The brutal central fact: Ballot initiatives banning same-sex marriage passed easily in all eleven states in which they were introduced this past election, as well as in Louisiana and Missouri earlier in the year. In all, seventeen states have amended their constitutions to ban gay marriage; ten of these extend beyond marriage to eliminate other forms of partnership recognition, including civil unions and domestic partnerships. These initiatives go beyond blocking future progress for "marriage equality." Their attack on domestic partnerships and other civil contracts rolls back decades of success in winning recognition and benefits for couples of all gender combinations who could not or would not marry.
Michigan's Proposition 2 is typical of these broad state constitutional amendments. It mandates that "the union of one man and one woman in marriage shall be the only agreement recognized as a marriage or similar union for any purpose." Although Christian-right activists and Republican politicians insisted during the campaign that the amendment's vague language would only "defend marriage" and not eliminate benefits for unmarried couples, the Republican state attorney general soon announced that Prop 2 "prohibits state and local governmental entities from conferring benefits on their employees on the basis of a 'domestic partnership.'" The governor's office canceled plans to extend benefits to employees in same-sex relationships, and several public employers, from the University of Michigan to the city of Kalamazoo, will be forced, by the end of the year, to retract benefits already given to same-sex couples. Conservatives have even been pushing to have Prop 2 interpreted to bar private businesses that contract with the state from providing benefits to unmarried couples.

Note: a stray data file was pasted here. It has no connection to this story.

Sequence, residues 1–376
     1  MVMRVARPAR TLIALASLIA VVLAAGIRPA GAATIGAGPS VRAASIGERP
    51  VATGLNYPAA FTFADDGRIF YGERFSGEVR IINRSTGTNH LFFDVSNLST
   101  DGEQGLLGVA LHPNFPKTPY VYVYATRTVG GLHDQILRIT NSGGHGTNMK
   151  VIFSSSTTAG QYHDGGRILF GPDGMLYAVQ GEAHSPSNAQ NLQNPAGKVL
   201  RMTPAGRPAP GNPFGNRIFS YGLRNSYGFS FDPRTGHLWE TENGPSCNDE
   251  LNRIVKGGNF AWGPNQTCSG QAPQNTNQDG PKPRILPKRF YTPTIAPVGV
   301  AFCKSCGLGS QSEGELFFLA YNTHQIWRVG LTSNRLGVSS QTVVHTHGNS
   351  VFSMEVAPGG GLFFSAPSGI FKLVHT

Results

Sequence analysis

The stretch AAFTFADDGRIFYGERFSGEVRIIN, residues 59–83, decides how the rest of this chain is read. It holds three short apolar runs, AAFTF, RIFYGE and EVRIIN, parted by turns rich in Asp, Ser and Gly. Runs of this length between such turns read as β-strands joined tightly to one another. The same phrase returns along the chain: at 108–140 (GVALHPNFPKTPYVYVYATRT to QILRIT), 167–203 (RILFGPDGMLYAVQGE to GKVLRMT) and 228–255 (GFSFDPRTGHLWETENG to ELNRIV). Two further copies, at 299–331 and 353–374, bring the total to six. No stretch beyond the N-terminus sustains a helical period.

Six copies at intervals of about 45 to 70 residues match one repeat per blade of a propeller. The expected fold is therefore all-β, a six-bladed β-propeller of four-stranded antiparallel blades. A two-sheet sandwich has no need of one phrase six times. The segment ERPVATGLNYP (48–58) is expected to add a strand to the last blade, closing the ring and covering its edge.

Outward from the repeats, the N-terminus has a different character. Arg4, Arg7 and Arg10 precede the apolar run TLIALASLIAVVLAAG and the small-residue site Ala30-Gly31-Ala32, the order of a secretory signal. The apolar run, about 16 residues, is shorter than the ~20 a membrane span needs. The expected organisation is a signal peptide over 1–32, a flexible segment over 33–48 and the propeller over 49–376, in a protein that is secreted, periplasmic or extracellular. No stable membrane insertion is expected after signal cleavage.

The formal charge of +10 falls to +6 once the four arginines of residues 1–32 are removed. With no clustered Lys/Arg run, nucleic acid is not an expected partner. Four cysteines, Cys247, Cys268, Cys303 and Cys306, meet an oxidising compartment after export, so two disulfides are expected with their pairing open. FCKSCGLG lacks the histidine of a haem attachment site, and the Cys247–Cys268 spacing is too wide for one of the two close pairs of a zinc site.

Although propositions like Michigan's are aimed at same-sex couples, they will impact all unmarried couples. Many of them could eliminate domestic partnership and reciprocal beneficiary statuses at state, and possibly private, institutions; revoke out-of-state and second-parent adoptions for gays and straights alike; invalidate next-of-kin arrangements, including those involving life-and-death medical decisions; and imperil joint home-ownership arrangements between unmarried people.
Is this exceedingly narrow vision of kinship and household arrangements what voters endorsed this November? Not if we take their actual living patterns as an indication of their preferences. Marriage is on the decline: Marital reproductive households are no longer in the majority, and most Americans spend half their adult lives outside marriage. The average age at which people marry has steadily risen as young people live together longer; the number of cohabitating couples rose 72 percent between 1990 and 2000. More people live alone, and many live in multigenerational, nonmarital households; 41 percent of these unmarried households include children. Increasing numbers of elderly, particularly women, live in companionate nonconjugal unions (think Golden Girls). Household diversity is a fact of American life rooted not just in the "cultural" revolutions of feminism and gay liberation but in long-term changes in aging, housing, childcare and labor.